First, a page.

Aberfan: Remembering a National Disaster 50 Years On.

Remember Me Co-Investigator Professor Malcolm Lillie offers a very personal reflection on the ongoing pain and remembrance of a national disaster.

I was three and a half years old growing up in a small housing estate to the east of Newport in South Wales when the Aberfan disaster shook Wales to its core.  Like Aberfan our community was very close-knit, and whilst most of our family and friends worked at Llanwern steelworks (originally the Spencer Works), or its associated industries, as opposed to in the mining industry, the shock and sense of loss is palpable even today – 50 years after the events of the 21st October 1966 – when a colliery tip (the No. 7 tip) collapsed, after becoming saturated by heavy rainfall, sending a wave of slurry down to engulf the Pantglas Junior School, eighteen houses on Moy Road, and a nearby farm.

The announcement (BBC Wales News 7th October 2016) that Sir Karl Jenkins was to stage a Cantata Memoria to mark the 50th anniversary of the disaster brought childhood memories back, not obviously from the age of three and a half, but from subsequent years when the South Wales Argus and other media reproduced the harrowing images of the day that 116 children and 28 adults were killed at Aberfan.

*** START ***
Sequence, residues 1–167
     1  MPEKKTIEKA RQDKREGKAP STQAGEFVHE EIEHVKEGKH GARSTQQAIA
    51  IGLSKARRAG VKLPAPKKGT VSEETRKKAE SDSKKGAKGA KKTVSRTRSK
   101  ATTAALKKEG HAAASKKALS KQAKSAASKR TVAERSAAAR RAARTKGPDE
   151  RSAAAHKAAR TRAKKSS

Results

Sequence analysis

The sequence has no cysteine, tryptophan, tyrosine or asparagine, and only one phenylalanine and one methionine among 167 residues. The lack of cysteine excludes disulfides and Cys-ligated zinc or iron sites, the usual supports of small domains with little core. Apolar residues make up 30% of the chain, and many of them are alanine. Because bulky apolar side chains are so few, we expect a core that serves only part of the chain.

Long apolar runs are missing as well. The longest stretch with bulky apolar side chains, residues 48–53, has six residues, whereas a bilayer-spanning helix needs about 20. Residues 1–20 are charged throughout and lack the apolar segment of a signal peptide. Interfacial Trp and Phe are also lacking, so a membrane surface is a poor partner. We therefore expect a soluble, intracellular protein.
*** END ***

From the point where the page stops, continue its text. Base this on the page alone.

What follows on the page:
The grief and emotion that hits me every time I read about Aberfan is painful in the extreme and I cannot even begin to imagine how devastating the event was at the time. What is apparent though is that anyone of my generation will feel the same way when seeing the memorials to this disaster and we can take some comfort in knowing that our communities come together at such times and ensure that an incredible level of support is given to those who suffer during events like this.

Reading the 1966 news reports of the incident there are stories of good fortune amongst the bad, as is the case with the 50 children who were travelling from the neighbouring village of Mount Pleasant, but were held up by the same fog that delayed the rescue efforts. The tragedy occurred at 9.15, just as lessons were about to start at Pantglas, and the pupils were mostly in their classrooms – it was the last day before half-term. The scale of the disaster was unprecedented and it was the efforts of local miners alongside the rescue services that enabled some of the victims to be rescued alive from the mud and debris that had engulfed the school.